MCN Blogs
David Poland

By David Poland

A.O. Krazy

Here is A.O. Scott’s piece on why we should be reading political subtext into Just Like Heaven and The Exorcism of Emily Rose.
My read? Put down the pipe, Tony. I know that every molecule of our body could be, like, an entire universe and we could just be one atom in the body of a giant… but dude, you need to mellow that harsh.

10 Responses to “A.O. Krazy”

  1. Angelus21 says:

    Not every movie is a political statement. They’re movies. They’re meant to entertain first. If they fail that then whatever they do won’t matter.

  2. mutinyco says:

    Critics not using psychotropic substances would be like having to eat matzoh all year round instead of just one week. Bread needs moisture. The best enhanced criticism ever is Amy Taubin’s assessment on the Reservoir Dogs DVD — where she claims it’s really about a masochistic love story between Mr. Orange and Mr. White, and since Orange is bleeding he’s the female.

  3. Heiron says:

    David’s well-played snark aside, when Scott claims the studios “have tried to strengthen their connection with religious and social conservatives,” is this something that’s happening? Or even significant?
    And on a separate tack, what ARE some of the great undiscovered subtexts of our favorite flicks? I keep telling people the hallway hues of “Napoleon Dynamite” are eerily reminiscent of the colors of Alfred Nobel’s summer villa on Elba, and they keep telling me I’m an idiot.

  4. Joe Leydon says:

    Godard once claimed that EVERY film is a political act. Indeed, if a film doesn’t make any explicit political statement, then it is implicitly supporting the status quo. That’s a bit extreme, I’ll grant you. But is interesting to see how seemingly innocuous films of a bygone era — even something as frothy as “Pillow Talk” — can be more revealing and enlightening than most historical or anthropological overviews of the period

  5. Crow T Robot says:

    I don’t know… Ghost Whisperer… My Name Is Earl… even the Dukes of Hazzard movie… I’m certainly seeing a leaning to the red states recently.
    And yes, Speilberg seems to be on a 9/11 tear with “The Terminal,” “War of the Worlds” and now “Munich.”
    I sure do miss Bill Clinton.

  6. jeffmcm says:

    Joe L., you’re completely correct. It’s the least self-conscious movies that are often the most revealing, like an innocuous dream that reveals a patient’s subconscious.
    Thanks to Dave P for attempting to keep the dialogue at a less interesting, dumber level. Scott makes some really good points and doesn’t say anything that crazy, in my opinion.

  7. Stella's Boy says:

    I agree jeff. I kept waiting for Scott to say something really out there, but it all seems perfectly reasonable and accurate to me.

  8. joefitz84 says:

    Jeff thinks its a big right wing conspiracy. They control everything. They made hurricanes!!! Earthquakes!!! Poverty!!! Hold onto your hats!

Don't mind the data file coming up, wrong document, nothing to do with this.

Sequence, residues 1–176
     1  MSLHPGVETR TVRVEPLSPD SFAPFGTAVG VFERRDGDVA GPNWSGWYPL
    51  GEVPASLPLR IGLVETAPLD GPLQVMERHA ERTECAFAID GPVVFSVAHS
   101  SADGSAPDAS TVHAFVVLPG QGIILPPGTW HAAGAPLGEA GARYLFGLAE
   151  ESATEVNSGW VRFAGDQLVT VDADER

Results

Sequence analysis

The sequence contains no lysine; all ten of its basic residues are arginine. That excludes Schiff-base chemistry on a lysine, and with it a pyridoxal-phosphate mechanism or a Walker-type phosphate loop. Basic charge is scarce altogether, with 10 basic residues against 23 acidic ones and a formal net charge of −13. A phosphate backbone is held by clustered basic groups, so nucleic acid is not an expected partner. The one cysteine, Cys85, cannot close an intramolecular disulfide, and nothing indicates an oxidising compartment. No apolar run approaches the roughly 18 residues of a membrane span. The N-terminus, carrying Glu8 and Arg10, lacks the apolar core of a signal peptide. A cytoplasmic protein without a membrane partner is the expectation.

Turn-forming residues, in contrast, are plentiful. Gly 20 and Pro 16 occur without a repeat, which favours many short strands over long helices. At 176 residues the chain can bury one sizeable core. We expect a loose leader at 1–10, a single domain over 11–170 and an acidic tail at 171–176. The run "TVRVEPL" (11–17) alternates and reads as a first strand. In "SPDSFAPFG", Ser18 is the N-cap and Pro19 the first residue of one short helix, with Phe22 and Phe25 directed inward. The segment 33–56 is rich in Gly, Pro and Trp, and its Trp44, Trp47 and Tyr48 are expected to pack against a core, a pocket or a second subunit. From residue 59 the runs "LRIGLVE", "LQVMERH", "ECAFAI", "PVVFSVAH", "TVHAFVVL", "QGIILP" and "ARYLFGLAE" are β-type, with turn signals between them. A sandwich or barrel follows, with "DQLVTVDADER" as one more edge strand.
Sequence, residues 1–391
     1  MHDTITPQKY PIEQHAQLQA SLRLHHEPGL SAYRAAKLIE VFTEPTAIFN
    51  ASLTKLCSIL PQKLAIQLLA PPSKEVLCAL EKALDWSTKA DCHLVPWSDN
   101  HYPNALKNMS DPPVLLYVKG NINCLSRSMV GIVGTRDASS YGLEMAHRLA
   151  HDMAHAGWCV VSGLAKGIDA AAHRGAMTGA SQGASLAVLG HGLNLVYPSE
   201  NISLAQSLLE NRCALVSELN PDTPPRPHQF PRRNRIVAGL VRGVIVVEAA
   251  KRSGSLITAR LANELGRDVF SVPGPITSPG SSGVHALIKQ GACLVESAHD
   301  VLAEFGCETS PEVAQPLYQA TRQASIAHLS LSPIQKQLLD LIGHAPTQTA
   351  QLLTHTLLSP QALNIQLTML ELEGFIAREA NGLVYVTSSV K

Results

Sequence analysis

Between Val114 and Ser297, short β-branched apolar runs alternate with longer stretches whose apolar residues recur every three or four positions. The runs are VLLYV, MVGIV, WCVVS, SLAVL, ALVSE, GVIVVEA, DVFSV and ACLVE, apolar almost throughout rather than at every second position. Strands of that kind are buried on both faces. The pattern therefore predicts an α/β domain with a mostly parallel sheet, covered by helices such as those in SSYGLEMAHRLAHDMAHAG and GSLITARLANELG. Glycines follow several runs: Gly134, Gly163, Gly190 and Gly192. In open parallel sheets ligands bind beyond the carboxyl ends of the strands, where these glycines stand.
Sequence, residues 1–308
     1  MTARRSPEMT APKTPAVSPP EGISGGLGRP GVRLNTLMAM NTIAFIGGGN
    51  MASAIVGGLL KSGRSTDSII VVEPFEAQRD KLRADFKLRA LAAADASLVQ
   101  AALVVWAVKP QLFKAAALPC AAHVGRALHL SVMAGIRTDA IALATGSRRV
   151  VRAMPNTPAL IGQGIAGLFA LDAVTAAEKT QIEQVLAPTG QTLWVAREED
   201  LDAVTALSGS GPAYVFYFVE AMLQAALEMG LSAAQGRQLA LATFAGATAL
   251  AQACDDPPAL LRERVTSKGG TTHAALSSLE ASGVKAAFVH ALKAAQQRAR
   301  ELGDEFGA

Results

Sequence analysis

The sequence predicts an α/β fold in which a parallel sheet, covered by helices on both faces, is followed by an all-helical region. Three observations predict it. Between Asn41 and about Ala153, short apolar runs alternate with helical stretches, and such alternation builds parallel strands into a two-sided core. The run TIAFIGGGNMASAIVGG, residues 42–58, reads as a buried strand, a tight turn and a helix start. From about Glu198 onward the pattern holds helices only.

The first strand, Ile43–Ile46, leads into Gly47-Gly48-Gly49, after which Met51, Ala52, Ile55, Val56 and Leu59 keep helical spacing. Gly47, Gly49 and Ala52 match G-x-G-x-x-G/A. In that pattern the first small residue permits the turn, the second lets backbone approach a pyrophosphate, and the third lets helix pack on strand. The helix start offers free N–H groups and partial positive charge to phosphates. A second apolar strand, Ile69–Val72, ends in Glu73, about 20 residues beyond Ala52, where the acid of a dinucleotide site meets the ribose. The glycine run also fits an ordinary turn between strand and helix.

9. KamikazeCamelV2.0 says:

    Not to get into a Spielberg debate again, I found it extremely odd that he decided to make War of the Worlds a very Politically minded film whereas The Terminal, which by all rights should have been more of one, was left as a frothy rom-com with Tom Hanks doing a funny accent.
    It wouldn’t be hard to find 9/11 and WW2 parallels in War of the Worlds though. It’s not like they’re subtle or anything

  10. lindenen says:

    “I don’t know… Ghost Whisperer… My Name Is Earl… even the Dukes of Hazzard movie… I’m certainly seeing a leaning to the red states recently.”
    I haven’t seen Ghost Whisperer, but the other two only lean toward the red in so much as they depict red-staters as knuckle-dragging morons.

The Hot Blog

Quote Unquotesee all »

“I remember very much the iconography and the images and the statues in church were very emotional for me. Just the power of that, and even still — just seeing prayer card, what that image can evoke. I have a lot of friends that are involved in the esoteric, and I know some girls in New York that are also into the supernatural. I don’t feel that I have that gift. But I am leaning towards mysticism… Maybe men are more practical, maybe they don’t give into that as much… And then also, they don’t convene in the same way that women do. But I don’t know, I am not a man, I don’t want to speak for men. For me, I tend to gravitate towards people who are open to those kinds of things. And the idea for my film, White Echo, I guess stemmed from that — I find that the girls in New York are more credible. What is it about the way that they communicate their ideas with the supernatural that I find more credible? And that is where it began. All the characters are also based on friends of mine. I worked with Refinery29 on that film, and found that they really invest in you which is so rare in this industry.”
Chloë Sevigny

“The word I have fallen in love with lately is ‘Hellenic.’ Greek in its mythology. So while everyone is skewing towards the YouTube generation, here we are making two-and-a-half-hour movies and trying to buck the system. It’s become clear to me that we are never going to be a perfect fit with Hollywood; we will always be the renegade Texans running around trying to stir the pot. Really it’s not provocation for the sake of being provocative, but trying to make something that people fall in love with and has staying power. I think people are going to remember Dragged Across Concrete and these other movies decades from now. I do not believe that they will remember some of the stuff that big Hollywood has put out in the last couple of years. You’ve got to look at the independent space to find the movies that have been really special recently. Even though I don’t share the same world-view as some of my colleagues, I certainly respect the hell out of their movies which are way more fascinating than the stuff coming out of the studio system.”
~ Dallas Sonnier